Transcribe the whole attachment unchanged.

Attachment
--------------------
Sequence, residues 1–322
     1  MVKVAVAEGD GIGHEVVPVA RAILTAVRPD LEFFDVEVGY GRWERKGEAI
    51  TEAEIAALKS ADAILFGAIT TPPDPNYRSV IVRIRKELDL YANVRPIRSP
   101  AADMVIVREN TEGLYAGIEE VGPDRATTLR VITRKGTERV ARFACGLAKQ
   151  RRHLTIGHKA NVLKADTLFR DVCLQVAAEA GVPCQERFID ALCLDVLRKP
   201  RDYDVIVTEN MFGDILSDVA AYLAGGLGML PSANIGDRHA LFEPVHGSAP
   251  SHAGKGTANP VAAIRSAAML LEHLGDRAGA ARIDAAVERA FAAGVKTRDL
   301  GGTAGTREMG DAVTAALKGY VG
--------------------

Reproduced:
Sequence, residues 1–322
     1  MVKVAVAEGD GIGHEVVPVA RAILTAVRPD LEFFDVEVGY GRWERKGEAI
    51  TEAEIAALKS ADAILFGAIT TPPDPNYRSV IVRIRKELDL YANVRPIRSP
   101  AADMVIVREN TEGLYAGIEE VGPDRATTLR VITRKGTERV ARFACGLAKQ
   151  RRHLTIGHKA NVLKADTLFR DVCLQVAAEA GVPCQERFID ALCLDVLRKP
   201  RDYDVIVTEN MFGDILSDVA AYLAGGLGML PSANIGDRHA LFEPVHGSAP
   251  SHAGKGTANP VAAIRSAAML LEHLGDRAGA ARIDAAVERA FAAGVKTRDL
   301  GGTAGTREMG DAVTAALKGY VG